Welcome to First Things First, Adweek’s daily resource for marketers. We’ll be publishing the content to First Things First on Adweek.com each morning (like this post), but if you prefer that it come straight to your inbox, you can sign up for the email here.
Airbnb is inviting people to go to Hell—Hell, Michigan, that is. For $31 a night, guests can book a Halloween-themed tiny house in the township of Hell courtesy of the rental site and John Colone, the self-proclaimed mayor of Hell. (And visitors, too, will be named honorary “Mayor Hell” for the night.) It’s the latest marketing stunt by Airbnb following its rental of the Fresh Prince of Bel-Air’s mansion for the show’s 30th anniversary.
Since the early 1900s, toys have been marketed by gender, divided into pink toys for girls and blue toys for boys. Even now that consumers have begun to accept gender as nonbinary and not bound to such rigid assumptions, the toy industry has been slower to adapt than others. Tessa Trabue of social organization Let Toys Be Toys says it has to do with stereotypes that have remained in films (think Disney princesses and Marvel superheroes), which then translate to toy designs. Major brands and small startups have started challenging the divide, though, with products like Mattel’s customizable Creatable World dolls and campaigns like those from Melissa & Doug, which feature children of all genders.
How to move beyond the binary: Instead of defining toys by gender, toymakers can consider designs by interest and what excites them.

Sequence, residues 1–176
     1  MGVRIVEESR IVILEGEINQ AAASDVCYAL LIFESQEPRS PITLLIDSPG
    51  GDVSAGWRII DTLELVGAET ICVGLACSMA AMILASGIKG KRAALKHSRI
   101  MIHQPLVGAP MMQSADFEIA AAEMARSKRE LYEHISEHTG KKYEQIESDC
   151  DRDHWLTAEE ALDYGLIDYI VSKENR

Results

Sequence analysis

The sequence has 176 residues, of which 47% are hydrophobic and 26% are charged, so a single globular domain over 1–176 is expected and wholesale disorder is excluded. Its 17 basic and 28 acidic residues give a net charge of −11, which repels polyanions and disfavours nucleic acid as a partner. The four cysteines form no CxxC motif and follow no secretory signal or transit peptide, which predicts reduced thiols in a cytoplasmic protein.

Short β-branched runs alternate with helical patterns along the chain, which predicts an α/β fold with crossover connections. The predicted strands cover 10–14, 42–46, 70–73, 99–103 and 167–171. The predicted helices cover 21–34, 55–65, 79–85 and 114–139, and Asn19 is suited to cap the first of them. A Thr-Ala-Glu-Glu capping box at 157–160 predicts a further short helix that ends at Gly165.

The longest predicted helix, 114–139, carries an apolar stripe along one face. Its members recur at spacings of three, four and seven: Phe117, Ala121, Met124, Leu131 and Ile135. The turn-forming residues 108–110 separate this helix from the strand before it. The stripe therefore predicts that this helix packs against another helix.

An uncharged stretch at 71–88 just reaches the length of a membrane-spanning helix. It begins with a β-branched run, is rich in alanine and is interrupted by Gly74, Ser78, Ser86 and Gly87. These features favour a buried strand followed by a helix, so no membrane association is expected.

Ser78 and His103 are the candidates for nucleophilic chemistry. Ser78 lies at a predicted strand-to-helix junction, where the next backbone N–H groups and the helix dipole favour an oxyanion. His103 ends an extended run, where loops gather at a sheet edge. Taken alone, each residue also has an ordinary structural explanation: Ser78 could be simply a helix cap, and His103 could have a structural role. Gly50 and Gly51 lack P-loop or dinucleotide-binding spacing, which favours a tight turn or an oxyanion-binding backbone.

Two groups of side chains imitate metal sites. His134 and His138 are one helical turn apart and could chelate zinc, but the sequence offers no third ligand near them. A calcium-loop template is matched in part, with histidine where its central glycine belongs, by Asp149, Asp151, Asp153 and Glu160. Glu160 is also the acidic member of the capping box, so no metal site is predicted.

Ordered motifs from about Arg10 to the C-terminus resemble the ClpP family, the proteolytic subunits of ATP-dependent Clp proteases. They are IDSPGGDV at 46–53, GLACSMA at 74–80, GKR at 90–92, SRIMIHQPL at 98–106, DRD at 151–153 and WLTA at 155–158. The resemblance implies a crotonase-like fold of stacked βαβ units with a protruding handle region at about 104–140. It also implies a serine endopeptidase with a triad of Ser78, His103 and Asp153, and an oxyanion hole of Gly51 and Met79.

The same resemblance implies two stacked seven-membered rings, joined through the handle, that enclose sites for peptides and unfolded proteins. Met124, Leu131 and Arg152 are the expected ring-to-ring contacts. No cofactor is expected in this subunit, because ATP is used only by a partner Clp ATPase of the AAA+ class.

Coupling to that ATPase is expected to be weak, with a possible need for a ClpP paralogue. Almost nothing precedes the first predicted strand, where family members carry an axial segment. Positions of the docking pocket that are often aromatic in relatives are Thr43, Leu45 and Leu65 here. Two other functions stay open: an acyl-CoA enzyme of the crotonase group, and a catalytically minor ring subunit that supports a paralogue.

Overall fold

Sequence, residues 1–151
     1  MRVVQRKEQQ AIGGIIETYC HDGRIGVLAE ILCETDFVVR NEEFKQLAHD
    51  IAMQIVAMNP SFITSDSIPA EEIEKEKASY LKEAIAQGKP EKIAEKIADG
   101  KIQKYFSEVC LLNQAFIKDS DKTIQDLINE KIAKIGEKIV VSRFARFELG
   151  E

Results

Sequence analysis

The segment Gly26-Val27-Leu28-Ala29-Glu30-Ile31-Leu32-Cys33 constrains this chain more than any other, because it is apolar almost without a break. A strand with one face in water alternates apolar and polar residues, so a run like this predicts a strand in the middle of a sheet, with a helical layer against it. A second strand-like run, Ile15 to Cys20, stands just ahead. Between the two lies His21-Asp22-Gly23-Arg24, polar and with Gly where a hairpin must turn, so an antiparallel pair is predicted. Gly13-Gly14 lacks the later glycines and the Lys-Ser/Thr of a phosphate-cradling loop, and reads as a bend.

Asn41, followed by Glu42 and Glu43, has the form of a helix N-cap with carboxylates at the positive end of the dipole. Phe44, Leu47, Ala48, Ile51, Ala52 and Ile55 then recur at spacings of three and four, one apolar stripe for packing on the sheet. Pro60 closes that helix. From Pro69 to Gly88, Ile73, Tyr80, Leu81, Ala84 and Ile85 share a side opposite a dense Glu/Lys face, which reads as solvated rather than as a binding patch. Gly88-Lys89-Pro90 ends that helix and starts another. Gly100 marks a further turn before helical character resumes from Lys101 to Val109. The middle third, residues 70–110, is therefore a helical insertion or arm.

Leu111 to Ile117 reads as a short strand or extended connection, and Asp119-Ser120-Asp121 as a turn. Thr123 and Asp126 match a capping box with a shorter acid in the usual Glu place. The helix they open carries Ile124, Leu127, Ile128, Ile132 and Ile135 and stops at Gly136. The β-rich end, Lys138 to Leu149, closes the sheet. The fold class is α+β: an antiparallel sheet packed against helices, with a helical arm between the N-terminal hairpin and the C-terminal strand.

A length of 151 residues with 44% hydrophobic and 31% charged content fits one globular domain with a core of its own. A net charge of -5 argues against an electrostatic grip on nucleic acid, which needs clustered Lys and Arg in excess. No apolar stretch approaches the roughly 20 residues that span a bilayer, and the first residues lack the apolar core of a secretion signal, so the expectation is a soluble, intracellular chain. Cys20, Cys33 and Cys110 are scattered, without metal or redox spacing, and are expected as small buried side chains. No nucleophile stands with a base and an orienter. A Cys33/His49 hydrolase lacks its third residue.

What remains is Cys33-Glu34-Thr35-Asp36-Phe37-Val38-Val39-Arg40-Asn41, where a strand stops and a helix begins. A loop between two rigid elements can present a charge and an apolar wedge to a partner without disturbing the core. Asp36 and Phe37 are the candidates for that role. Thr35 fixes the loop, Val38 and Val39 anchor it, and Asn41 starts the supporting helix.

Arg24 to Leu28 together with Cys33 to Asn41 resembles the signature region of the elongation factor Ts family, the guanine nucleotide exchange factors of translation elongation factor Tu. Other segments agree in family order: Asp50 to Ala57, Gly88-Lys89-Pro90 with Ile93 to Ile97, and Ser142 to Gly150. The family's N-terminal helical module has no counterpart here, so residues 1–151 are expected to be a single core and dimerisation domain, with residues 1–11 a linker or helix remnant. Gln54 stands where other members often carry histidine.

In an effort to showcase its rejection with the status quo, R/GA promises a reinvention every nine years, but a wave of leadership departures has left the industry wondering whether this next reinvention will be by choice. The exits include global chief innovation officer Saneel Radia, global head of brand Mike Rigby and global chief strategy officer Barry Wacksman, among several others. CEO Sean Lyons says it’s all part of the change, and a shift in leadership will present opportunities for the agency.
Related: Given the many recent changes for the company, Adweek spoke with R/GA founder, executive chairman and former CEO Bob Greenberg, to discuss its latest reinvention.
Just over a year ago, Martin Agency vp and group director Taylor Grimes developed the Tension Map, which helps brands identify consumer pain points and solve them with more speed and efficiency. The goal was to make a less rational, uncomplicated tool that helps generate big, human ideas, and it takes the form of a visual, intuitive map and scoring system that helps brands find creative and strategic direction. Plus, it couldn’t come at a more important time, when “uncertainty” is the word of the hour and consumer decisions are more emotion-fueled than ever.
The open-source maps are free for anyone to use: “If you can figure out what consumers need, and the pain points to solve them, there’s good utility there,” Grimes said.
That sound that plays when you start up Netflix—how does it make you feel? If your answer is anywhere on a scale of tired to enraged, you’re in good company. Any brand’s “aural signature” sound can evoke powerful emotions, and those emotions are subject to change. A recent study shows that Netflix is received pretty positively by viewers, but their perception of it sours by 10% when they’re exposed to that trademark sound. Unsurprisingly, their displeasure is attributed to oversaturation as people have been spending more time streaming amid the pandemic.